Lawrence Stenhouse (1975) was unequivocal in rejecting a view of teaching and learning which stated that the only way to organize the curriculum was to divide teaching programmes into pre-specified outcomes in terms of measurable changes in student behaviour. He argued for the transformation of the teacher–pupil relationship.  In such a transformation there has to be a redrawing of roles, responsibilities and power implying a less authoritarian structure.  Such a transition can be recognised in the four case study schools,  with the introduction of creative practitioners as ‘experts’ and evidence of teachers learning skills alongside pupils, of pupils learning from pupils and opportunities for family involvement in learning activities.   There was also evidence that teachers welcomed the opportunities for their pupils to surprise them, and celebrated both the intended and unintended learning outcomes and consequences.

Teacher development and learning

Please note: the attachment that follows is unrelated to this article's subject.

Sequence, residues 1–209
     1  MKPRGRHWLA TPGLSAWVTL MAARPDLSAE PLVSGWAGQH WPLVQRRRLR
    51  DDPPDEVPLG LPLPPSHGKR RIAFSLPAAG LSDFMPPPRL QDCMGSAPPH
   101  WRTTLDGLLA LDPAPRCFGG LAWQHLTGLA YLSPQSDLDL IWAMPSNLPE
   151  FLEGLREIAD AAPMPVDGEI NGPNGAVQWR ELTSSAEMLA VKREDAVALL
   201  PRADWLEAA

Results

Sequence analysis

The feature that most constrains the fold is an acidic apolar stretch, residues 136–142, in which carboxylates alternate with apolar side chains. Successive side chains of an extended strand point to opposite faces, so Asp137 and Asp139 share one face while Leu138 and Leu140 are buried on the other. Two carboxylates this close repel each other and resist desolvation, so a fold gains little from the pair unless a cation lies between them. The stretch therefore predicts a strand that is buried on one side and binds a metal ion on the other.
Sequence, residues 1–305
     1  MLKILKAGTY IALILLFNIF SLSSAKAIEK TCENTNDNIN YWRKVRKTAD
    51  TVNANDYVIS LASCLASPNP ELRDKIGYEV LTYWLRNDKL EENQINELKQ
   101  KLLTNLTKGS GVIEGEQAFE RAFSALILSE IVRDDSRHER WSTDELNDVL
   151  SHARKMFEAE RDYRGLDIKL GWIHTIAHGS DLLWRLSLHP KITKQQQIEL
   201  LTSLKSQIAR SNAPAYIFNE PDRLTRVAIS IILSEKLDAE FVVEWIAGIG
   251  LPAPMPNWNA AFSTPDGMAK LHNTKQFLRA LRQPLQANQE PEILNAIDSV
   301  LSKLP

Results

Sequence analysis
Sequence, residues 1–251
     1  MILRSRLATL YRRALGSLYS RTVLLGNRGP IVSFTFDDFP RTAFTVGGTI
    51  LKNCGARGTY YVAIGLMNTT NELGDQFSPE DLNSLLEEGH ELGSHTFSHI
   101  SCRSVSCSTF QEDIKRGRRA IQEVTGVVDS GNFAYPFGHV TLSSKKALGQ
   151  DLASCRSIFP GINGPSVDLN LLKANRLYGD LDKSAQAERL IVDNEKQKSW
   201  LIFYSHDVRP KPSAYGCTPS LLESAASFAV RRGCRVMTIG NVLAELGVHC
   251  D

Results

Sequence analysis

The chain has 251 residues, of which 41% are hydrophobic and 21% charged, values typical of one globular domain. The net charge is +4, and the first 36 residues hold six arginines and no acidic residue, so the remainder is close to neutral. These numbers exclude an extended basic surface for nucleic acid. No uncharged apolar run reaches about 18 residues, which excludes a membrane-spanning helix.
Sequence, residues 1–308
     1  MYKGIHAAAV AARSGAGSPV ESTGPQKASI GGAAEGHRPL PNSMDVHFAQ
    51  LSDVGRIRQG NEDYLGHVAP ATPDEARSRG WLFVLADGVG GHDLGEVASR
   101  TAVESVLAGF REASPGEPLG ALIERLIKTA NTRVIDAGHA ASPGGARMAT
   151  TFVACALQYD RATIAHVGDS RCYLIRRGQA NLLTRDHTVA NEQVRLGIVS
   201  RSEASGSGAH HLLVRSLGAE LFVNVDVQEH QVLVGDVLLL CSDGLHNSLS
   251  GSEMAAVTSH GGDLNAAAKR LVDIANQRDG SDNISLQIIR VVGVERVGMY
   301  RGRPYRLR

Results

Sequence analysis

The same could be said of the development of teaching staff.  In each case the co-ordinators were able to identify tangible, but not always planned for, staff development outcomes.  The teachers themselves had overcome some of their anxieties about ‘letting go’ and enjoyed the chance to work across year groups, to take alternative roles in supporting and engaging in learning, and to draw on the expertise of practitioners who reciprocated by drawing out their expertise as teachers. Traditionally schools and teachers find change difficult (Tyack & Cuban, 1995, Leat, 1999) especially in the direction of more innovative pedagogies.  Substantial pedagogic innovation usually requires some behavioural change in teaching and therefore also changes in thinking and in beliefs about pupils, learning or teaching – and perhaps all three.  There is good evidence that the Creative Partnerships projects created the space and permission for some of these changes to start to occur.  In this environment teachers and pupils responded positively to what they recognised as more fluid teaching approaches, often driven by the ‘natural’ processes adopted by practitioners based on craft skills, experimentation, or exploration of ideas, environments and techniques.  Leadership, effective co-ordination and permissions were all critical.  This was also a conclusion reached by Estyn (2001) who found that the ‘vision of leaders and their commitment to making the best use of outdoor learning are key factors’ (p5).  Where scepticism of the value of outdoor learning was found in the Welsh sample the outdoor environment was not used well enough.  One of the significant characteristics of the Creative Partnerships sample in this report was that such scepticism (if it had existed) had been largely overcome and thus real progress was made in developing appropriate teaching and learning in the enhanced outdoor areas of each school.